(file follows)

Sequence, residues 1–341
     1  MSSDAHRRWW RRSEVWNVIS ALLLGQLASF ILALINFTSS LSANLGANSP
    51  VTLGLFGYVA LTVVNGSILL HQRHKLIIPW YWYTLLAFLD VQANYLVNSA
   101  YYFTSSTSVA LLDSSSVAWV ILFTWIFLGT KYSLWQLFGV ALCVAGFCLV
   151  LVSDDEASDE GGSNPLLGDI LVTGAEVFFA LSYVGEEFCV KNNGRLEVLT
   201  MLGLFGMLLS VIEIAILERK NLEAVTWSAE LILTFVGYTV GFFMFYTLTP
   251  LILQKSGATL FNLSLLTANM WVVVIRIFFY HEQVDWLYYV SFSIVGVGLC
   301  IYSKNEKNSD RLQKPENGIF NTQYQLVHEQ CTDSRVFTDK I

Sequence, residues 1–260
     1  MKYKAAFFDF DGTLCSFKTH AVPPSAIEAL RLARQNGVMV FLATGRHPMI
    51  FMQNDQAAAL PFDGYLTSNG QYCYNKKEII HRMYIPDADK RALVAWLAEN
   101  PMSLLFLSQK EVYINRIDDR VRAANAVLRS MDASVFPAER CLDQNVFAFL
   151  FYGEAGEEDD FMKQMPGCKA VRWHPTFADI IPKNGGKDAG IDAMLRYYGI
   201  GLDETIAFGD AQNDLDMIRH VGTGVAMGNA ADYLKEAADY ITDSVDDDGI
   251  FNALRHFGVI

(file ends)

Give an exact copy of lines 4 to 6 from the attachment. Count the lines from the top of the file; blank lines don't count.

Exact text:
   101  YYFTSSTSVA LLDSSSVAWV ILFTWIFLGT KYSLWQLFGV ALCVAGFCLV
   151  LVSDDEASDE GGSNPLLGDI LVTGAEVFFA LSYVGEEFCV KNNGRLEVLT
   201  MLGLFGMLLS VIEIAILERK NLEAVTWSAE LILTFVGYTV GFFMFYTLTP